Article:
Spirits/Armagnac/Domaine de Baraillon
Domaine de Baraillon - Bas-Armagnac
When driving by Domaine de Baraillon, you wouldn’t know that they produce armagnac except for the large barrel on the side of the road that has the name of their family written on it. Their home sits back from the road just outside Lannemaignan on the Gers/Landes border, surrounded by sunflower, corn and wheat fields, as well as vineyards. If you choose to make your way down the short drive, you will be rewarded with one of the most amazing collections of Gascon nectar you can find in the region.
The Claverie family has occupied their house since 1749. When parking your car in front of it, you will notice ducks, geese and perhaps a dog running around, and several outbuildings containing farm equipment, old cars and rarely-used tools. It’s what one might refer to as a ramshackle property: things have not been tidied up for the tourists. It’s one of the reasons that we love the Domaine de Baraillon: it doesn’t get much more authentic than this.
The Claverie’s armagnacs are a blend of two properties: 4 hectares belonging to patriarch Paul’s sister in Le Freche and 12 hectares surrounding his house, planted in Baco, Colombard and Ugni Blanc. They once used the distiller Loubere in Labastide d’Armagnac, but in 2012 bought their own still in which they now transform their wines into spirit. The fresh eau de vie normally goes into 5,000 liter vats before being transferred into barrels, some new, some older. Every couple of years, he aerates his armagnacs to promote oxidation. Every so often, he will blend all of the barrels from an individual vintage to ensure consistent color and taste.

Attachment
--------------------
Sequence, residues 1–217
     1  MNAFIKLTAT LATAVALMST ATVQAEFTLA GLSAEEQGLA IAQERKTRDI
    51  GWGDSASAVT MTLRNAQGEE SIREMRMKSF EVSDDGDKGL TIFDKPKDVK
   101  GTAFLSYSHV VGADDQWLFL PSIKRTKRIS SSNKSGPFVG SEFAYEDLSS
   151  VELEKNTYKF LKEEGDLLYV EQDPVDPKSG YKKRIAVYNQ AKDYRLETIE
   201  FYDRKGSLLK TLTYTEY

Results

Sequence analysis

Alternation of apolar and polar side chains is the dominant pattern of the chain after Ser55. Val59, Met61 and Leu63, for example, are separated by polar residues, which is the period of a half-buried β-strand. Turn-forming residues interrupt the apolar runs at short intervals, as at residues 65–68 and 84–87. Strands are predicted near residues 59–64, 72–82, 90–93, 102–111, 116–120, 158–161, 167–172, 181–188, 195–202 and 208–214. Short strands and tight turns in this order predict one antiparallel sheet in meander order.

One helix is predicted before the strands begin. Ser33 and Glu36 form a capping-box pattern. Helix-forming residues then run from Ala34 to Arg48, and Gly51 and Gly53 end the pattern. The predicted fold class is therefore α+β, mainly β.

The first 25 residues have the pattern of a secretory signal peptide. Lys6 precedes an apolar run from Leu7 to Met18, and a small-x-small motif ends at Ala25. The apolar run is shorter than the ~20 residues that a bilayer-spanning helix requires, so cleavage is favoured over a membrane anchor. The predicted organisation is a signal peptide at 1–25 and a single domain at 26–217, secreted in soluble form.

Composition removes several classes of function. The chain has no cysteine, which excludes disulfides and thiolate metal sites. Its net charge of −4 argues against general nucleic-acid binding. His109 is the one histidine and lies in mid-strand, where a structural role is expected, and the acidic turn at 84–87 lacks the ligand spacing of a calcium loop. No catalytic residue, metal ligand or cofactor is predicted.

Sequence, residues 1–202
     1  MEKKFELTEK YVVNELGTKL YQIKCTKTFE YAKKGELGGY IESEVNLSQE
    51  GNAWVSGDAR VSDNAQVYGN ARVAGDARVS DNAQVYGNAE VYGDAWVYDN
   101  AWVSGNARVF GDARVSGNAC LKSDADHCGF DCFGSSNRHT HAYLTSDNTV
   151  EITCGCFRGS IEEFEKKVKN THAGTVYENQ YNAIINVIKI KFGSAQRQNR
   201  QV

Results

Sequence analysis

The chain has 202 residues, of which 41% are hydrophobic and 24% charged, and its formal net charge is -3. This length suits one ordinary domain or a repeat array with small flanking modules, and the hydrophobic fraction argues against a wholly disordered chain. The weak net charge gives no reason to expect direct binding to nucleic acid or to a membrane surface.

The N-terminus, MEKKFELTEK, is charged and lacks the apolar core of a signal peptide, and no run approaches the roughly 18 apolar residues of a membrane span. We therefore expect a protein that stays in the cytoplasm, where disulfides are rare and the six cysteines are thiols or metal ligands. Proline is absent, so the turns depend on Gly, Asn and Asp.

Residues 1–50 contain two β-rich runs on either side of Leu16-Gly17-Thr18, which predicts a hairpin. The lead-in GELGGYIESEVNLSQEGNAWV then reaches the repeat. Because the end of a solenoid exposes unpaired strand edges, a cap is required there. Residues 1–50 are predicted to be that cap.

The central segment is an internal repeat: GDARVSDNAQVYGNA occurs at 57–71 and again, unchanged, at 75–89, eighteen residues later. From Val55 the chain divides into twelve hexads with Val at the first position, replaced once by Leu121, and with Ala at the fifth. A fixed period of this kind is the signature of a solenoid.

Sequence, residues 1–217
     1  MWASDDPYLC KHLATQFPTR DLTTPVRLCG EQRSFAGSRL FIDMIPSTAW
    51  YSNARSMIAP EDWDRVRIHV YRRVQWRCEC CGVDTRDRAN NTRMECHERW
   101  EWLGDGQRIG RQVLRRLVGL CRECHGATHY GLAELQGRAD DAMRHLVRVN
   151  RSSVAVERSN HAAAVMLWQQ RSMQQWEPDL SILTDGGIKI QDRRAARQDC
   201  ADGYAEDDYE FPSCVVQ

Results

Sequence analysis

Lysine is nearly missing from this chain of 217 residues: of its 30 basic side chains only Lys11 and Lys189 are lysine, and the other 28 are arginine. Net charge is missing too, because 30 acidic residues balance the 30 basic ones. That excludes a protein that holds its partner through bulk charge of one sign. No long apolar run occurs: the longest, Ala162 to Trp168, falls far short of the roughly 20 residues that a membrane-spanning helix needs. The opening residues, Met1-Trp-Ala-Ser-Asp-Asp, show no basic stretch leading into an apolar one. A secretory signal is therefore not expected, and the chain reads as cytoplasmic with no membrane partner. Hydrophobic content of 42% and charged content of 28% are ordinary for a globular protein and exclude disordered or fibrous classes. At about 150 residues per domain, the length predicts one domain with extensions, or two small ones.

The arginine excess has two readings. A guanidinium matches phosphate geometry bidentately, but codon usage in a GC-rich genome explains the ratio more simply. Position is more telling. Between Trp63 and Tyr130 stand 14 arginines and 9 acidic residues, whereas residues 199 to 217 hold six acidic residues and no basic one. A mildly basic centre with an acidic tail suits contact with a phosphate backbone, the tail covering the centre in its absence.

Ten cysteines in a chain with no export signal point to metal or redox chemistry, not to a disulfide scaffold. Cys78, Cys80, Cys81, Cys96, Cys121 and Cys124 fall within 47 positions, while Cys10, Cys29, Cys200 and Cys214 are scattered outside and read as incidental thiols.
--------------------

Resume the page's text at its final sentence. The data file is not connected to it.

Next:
Paul is now in his late seventies, and his daughter Laurence gives her father a firm helping hand. They have two chais, one in a building constructed in the eighties that houses the still and more recent vintages. And a smaller building, closer to the house, that lodges vintages from the sixties and seventies, as well as a well-curated collection of vintages dating back to the late 1800s, distilled by Paul’s father and grandfather. In this dark building laced with cobwebs, time stands still.
Domaine de Baraillon - Bas Armagnac - 1998
video: Oscar Beckmann and Michael Housewright
Between this paradise and the family house is a small tasting room. Against a wall they used to have a table that was haphazardly covered with bottles, upon which each one had a vintage written on a white sticker. Visitors were allowed to taste whatever they liked: you want some 1923—there it is, go ahead. Some 1955, help yourself! You talk about being a kid in a candy shop!
They have since arranged the bottles in a more orderly fashion atop some shelves on the wall. But the same hospitality remains, offering the unique chance to taste over a century of spirits distilled and aged on one single property.